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Hope for crops that cope with adverse weather

No matter whether climate change is a concern of epic proportion or a gigantic hoax, the reality is that weather influences — drought, cold, heat — are a problem for agriculture every year.

Relief is on the way.

Researchers, using increasingly sophisticated genetic engineering techniques, are working full speed ahead to develop crop varieties that will be more tolerant of adverse weather conditions.

The genes responsible for a wide range of freezing temperatures that can be tolerated by wheat have been identified by a team of U.S. and European scientists, led by Jorge Dubcovsky, wheat breeder/geneticist at the University of California, Davis.

The U.S. is the world’s leading exporter of wheat, producing more than 50 million metric tons annually.

Frost tolerance in wheat is “a complex trait, regulated by many genes,” Dubcovsky notes, and the identification of these genes “will enable breeders to develop hardier, more productive wheat varieties — of vital importance in light of growing pressures to increase global food production.”

Thousands of miles away, Australian plant breeders recently announced a high quality spring wheat bred for dry conditions.

Drysdale is the first commercial release of a wheat variety from Graingene, a joint venture between AWB Limited, the Grains Research and Development Corporation, Syngenta, and CSIRO Plant Industry.

It is the first wheat variety to be bred using scientific gene selection criteria based on measuring a plant’s carbon isotope signature. The technology gives plant breeders the ability to develop wheat varieties that more efficiently exchange atmospheric carbon dioxide for water during photosynthesis, increasing their water use efficiency.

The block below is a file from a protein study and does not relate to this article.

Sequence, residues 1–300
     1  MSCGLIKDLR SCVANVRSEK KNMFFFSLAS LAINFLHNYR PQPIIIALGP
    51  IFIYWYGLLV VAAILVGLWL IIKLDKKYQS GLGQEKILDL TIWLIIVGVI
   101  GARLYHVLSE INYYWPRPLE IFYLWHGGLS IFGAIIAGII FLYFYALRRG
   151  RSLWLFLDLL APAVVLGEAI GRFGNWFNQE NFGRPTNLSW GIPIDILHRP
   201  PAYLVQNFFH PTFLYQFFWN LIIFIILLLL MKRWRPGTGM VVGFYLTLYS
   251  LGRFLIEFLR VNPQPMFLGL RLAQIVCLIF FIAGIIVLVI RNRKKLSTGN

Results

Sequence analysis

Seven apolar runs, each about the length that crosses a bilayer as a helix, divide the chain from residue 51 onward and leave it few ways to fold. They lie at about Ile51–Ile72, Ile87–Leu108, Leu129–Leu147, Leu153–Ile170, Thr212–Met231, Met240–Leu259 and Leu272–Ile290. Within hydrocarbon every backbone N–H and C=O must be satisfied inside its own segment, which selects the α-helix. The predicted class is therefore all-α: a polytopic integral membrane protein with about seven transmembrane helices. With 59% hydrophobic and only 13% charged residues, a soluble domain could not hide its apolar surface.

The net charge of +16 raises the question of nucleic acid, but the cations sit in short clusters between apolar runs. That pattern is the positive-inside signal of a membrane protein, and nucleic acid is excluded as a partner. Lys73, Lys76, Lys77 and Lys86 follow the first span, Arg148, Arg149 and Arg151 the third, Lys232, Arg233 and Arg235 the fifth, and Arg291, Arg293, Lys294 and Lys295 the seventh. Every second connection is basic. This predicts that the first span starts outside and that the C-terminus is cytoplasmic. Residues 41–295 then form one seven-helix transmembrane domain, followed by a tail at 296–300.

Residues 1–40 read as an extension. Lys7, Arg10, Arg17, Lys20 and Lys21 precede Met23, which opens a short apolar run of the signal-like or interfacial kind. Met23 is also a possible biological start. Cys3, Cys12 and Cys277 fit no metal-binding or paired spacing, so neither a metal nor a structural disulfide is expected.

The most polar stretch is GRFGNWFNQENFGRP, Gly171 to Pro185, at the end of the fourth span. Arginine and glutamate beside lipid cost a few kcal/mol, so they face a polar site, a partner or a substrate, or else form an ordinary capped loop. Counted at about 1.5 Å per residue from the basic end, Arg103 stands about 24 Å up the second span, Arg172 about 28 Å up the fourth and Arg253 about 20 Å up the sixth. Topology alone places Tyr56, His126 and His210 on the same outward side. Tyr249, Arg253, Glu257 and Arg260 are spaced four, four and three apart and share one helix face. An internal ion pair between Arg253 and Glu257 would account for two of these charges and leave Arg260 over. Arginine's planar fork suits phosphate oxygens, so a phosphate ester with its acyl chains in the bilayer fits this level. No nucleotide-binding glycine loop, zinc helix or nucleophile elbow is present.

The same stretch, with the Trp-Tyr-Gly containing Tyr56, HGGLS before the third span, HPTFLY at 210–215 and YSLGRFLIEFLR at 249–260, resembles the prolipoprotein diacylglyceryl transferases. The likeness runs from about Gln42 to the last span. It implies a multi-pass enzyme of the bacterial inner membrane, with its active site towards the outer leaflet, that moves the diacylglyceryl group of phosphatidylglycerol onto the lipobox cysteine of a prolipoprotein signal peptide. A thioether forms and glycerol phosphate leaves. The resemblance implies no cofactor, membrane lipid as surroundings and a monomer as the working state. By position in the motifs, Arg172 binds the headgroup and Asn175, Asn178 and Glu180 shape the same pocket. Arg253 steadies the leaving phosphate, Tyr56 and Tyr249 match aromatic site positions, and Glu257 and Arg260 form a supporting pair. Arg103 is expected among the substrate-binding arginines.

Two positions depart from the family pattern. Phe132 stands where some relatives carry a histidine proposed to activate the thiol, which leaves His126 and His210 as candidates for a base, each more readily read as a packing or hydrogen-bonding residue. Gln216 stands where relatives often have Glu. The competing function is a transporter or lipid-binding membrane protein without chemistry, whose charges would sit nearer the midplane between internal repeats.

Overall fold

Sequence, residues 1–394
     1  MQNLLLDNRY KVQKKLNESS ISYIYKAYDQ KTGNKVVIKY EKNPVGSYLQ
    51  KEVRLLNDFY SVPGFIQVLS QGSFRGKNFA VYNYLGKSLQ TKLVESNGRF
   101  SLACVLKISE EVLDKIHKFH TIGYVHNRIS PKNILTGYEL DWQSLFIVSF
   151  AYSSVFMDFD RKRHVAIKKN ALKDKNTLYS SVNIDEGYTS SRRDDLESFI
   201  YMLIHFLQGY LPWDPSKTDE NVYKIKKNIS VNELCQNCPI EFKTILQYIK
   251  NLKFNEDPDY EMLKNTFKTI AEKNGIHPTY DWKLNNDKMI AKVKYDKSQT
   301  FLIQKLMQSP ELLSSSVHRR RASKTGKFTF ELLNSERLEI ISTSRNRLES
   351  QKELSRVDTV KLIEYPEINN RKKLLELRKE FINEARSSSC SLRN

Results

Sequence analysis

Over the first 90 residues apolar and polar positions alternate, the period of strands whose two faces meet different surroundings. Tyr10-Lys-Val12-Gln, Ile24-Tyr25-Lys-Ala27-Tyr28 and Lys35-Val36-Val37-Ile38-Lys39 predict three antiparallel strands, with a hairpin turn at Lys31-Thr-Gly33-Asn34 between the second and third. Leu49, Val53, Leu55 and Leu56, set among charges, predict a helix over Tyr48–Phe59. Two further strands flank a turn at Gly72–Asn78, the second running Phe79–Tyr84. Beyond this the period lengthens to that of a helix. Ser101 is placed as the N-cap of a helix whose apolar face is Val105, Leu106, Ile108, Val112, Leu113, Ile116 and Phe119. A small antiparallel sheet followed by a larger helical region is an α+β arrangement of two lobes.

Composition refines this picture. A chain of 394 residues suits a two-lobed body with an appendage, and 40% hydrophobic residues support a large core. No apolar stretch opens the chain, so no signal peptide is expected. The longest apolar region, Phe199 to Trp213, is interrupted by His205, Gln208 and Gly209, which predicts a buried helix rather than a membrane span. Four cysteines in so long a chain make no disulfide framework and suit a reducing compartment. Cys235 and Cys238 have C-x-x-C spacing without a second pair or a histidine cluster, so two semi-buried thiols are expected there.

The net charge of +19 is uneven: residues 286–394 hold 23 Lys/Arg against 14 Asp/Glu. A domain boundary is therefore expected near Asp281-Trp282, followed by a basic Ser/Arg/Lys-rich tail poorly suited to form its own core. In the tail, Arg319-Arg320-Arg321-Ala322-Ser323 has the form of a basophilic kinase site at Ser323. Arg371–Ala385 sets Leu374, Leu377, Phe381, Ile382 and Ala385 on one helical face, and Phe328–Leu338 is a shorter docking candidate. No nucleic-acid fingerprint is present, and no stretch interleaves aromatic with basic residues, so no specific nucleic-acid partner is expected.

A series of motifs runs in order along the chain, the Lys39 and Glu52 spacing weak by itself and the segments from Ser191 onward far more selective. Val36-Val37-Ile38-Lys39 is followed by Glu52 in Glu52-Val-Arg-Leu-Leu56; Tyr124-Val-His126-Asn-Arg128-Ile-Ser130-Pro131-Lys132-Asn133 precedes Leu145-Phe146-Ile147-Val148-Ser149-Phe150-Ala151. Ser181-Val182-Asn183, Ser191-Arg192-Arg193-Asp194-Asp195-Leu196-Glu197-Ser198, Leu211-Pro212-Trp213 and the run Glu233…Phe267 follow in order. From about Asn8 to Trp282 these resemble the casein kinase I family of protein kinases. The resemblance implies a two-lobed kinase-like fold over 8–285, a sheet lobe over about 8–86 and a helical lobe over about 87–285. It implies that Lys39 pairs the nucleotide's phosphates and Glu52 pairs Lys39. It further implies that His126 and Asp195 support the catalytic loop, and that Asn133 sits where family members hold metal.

The Drysdale variety has not only yielded more than comparable varieties in dry years, it has been one of the highest-yielding varieties in irrigated trials.

Back at the University of California, Davis, biologists working with genetically engineered tobacco plants have isolated a gene that gives the plants a high level of drought resistance. In one trial, the genetically modified plants produced nearly as much seed as conventional varieties, using 70 percent less water. In another test, with water withheld for two weeks, the plants were able to recover and flourish.

Biologist Eduardo Blumwald believes the technology can be employed to increase drought tolerance in other crops, including wheat, corn, and cotton.

Commercial seed companies are also committing significant resources to drought-tolerant crops. Monsanto and Pioneer Hi-Bred International are reported to be developing corn varieties that can be grown in dry areas of the Plains states with little or no irrigation, with a long-term goal of corn plants that can produce acceptable yields on 25 percent to 33 percent less water.

It is estimated that 80 percent of the fresh water used in the U.S. is for farming, and as growing populations increase demand for water there will be greater pressure on agriculture to use less.

British research scientists at the National Institute of Agricultural Botany, Cambridge, England, in cooperation with the International Rice Research Institute in the Philippines, are working on cutting-edge projects aimed at developing new varieties of rice that can cope with a variety of climatic extremes and diseases.

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